All poker players make mistakes, but by and large, small stakes poker players make more mistakes. Why is this? Well, a player who makes relatively few mistakes will find themselves handily beating those who make more errors. That player may then choose to move up stakes, where they can win more money. The players who continue to make those mistakes are “trapped” in the lower stakes games.
If you are playing small stakes games, and aspire to move up or just want to improve your win rate, you must learn to make fewer mistakes than your competition. Since there are innumerable aspects of poker to study, you can’t focus on all of them at once. Pick a handful, improve those, and then move onto the next batch.
In this article, I’m going to cover three areas that don’t get as much attention as “sexier” topics. But, all three share the feature of being almost ubiquitous across low-stakes poker players.
Mistake #1: Poor Game Selection
Let’s suppose that you and I are strolling through a casino, and decide to play some blackjack. We see two tables that offer the betting limits we want. At one table, the felt says, “Natural 21 pays 3:2.” At the other table, the felt says, “Natural 21 pays 6:5.”
“Which table would you like to play at?” I ask.
You look at me askance.
“Do I look like the dumbest gambler in the casino?”
No, you certainly don’t look like the dumbest gambler in the casino, because the 6:5 blackjack tables are full of people, even when there are 3:2 tables available. The truth is, most low-stakes poker players are as insensitive to the quality of the game they’re in, just as blackjack players are ignorant to the payout they get on their natural 21’s. Unfortunately, poker tables don’t have a sign on the felt telling you your EV at that table. But you can learn to spot the signs of a good game – here are three important ones.
After you eliminate these three mistakes from your game, learn Jonathan Little’s Top Ten Easy Poker Tips and CRUSH at the poker table.
Happy chatty players
Mike Caro talked about this during the 1980’s, and it’s still true today: a poker game with happy, chatty, drinking players is a good game.
The great thing about this sign of game greatness is that you can see it as you stroll by. If players are laughing, telling jokes, drinking, and generally having a good time, then they are focusing on the entertainment value of the game rather than its dollar EV. This is the perfect game to join.
Conversely, if nobody is talking, and everybody is on their phone with earbuds, it’s unlikely to be a good game. Either you have “for profit” players grinding out their hourly income, or people watching a movie while waiting to get dealt pockets jacks and better. If the movie gets boring, maybe they’ll play AQ.
Not only are fun, talkative games the most profitable, they’re also – wait for it – the most fun. If you’re going to spend five hours of your life at a poker table, you should get something more than five hours of expected income. You can maximize both $EV and “Life EV” by picking a happy table.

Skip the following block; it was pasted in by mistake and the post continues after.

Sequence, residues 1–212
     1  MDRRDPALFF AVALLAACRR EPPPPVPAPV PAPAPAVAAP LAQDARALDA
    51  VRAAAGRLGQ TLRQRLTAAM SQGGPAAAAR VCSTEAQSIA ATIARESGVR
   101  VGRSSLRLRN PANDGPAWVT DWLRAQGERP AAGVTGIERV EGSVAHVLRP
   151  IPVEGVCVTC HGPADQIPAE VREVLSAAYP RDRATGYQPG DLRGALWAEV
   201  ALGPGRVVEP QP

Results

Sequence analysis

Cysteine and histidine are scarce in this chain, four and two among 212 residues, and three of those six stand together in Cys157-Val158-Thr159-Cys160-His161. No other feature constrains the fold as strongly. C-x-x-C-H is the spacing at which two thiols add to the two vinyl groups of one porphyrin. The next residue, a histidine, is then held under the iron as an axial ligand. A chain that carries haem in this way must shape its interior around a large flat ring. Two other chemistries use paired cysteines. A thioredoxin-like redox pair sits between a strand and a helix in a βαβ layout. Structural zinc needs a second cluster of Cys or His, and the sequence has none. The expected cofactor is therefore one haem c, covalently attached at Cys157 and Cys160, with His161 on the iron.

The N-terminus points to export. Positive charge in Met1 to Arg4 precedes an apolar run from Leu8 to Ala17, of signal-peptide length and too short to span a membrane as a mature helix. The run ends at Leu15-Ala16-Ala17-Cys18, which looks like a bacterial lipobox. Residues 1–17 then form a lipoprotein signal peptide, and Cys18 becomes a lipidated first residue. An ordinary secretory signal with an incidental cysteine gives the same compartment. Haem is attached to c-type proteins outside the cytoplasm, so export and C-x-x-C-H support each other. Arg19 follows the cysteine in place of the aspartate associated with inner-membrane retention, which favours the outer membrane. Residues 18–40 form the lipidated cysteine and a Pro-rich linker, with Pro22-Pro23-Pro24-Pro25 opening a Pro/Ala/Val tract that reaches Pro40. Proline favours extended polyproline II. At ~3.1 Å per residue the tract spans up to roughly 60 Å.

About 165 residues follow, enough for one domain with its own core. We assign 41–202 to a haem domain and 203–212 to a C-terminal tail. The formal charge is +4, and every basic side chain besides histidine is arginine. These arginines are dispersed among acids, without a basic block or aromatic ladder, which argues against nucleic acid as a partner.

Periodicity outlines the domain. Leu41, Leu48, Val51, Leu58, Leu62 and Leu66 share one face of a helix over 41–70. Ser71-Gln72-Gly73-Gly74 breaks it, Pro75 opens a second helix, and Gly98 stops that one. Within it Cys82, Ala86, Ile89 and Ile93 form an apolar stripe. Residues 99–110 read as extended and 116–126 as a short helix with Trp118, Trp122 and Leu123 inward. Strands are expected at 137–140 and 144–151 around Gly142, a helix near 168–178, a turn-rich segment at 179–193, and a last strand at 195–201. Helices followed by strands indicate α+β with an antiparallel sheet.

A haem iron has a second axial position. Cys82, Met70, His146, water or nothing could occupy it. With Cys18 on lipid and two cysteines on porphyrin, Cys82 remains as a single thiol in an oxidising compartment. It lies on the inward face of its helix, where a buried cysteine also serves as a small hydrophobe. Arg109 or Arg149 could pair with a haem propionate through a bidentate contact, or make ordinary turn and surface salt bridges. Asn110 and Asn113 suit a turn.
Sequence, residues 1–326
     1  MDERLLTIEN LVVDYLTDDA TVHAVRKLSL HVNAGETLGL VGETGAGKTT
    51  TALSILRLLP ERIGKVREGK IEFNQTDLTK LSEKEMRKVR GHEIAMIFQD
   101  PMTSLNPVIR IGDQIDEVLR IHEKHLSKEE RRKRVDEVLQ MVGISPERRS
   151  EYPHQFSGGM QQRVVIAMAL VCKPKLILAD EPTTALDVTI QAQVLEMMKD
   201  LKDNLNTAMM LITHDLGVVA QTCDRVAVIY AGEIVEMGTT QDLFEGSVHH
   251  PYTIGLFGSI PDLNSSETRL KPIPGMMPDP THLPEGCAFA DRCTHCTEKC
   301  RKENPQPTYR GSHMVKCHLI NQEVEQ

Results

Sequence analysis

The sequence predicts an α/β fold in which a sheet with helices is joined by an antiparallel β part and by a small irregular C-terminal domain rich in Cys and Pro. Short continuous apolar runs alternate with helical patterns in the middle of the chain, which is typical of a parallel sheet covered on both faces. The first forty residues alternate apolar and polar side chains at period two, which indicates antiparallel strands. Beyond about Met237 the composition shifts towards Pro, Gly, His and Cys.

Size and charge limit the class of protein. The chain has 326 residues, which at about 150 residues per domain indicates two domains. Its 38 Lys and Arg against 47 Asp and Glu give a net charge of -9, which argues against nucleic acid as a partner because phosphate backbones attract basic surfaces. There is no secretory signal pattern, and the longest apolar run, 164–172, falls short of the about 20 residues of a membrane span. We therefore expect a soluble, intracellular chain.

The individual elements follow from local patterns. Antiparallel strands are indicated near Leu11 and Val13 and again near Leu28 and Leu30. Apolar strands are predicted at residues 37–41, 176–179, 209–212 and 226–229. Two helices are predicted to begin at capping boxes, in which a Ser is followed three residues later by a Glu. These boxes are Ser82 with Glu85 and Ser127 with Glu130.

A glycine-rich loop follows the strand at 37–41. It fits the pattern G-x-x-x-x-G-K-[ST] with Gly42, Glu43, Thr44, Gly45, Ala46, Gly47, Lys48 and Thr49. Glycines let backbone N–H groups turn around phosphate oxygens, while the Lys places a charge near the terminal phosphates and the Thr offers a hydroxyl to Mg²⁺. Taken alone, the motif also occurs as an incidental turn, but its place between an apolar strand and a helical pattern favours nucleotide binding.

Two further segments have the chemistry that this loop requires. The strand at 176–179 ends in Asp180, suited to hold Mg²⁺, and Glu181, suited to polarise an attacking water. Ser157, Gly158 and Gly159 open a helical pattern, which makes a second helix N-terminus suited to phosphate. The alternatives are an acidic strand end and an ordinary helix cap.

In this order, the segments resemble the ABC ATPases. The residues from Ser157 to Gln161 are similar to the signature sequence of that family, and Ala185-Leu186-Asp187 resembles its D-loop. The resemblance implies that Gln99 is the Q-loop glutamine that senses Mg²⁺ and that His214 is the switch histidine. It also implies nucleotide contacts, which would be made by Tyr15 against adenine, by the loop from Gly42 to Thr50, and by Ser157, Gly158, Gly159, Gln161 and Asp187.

You can’t win money that isn’t on the table, and another metric of qame quality you can spot from the rail is the stack sizes. If everybody is nursing a minimum buy-in, this is not your game. Big stacks also make people play more loosely – they feel that they have extra chips to splash around.
Maybe the most famous saying in poker: “If you can’t spot the fish in 30 minutes, the fish is you.” On the flip side, if you can spot mistakes being made left and right, that’s a place to make money. Sometimes you can even see this without being in the game.
Suppose you walk past a table and see six players limp to the big blind. Then the big blind raises to twice the big blind, four of the six players call, but two fold. This is equivalent to a blackjack table offering a bonus of 2:1 payouts on all natural 21’s – pull up a chair quickly.
Once you sit down at a table, start watching. Are your opponents playing weak hands? Drawing at hands without the proper pot odds? Doing silly things like limping in preflop with pocket kings? The more you see this, the more profit you can make at this table.
Once you’ve determined that you’re at a bad table, or even a decent table, but you’ve spotted a better one nearby, start moving. If you’re online, leave the bad table and join the good one – or at least get on the waiting list. In live casinos, you can ask the floor for a table change. It’s good manners and good business to give that person a tip – perhaps $5 – so they’ll remember you when a seat at your desired game opens.
There’s no excuse for sitting in a bad game if there’s a better one nearby. Unless your game is extraordinarily good, you should be on constant alert for the option of a better one.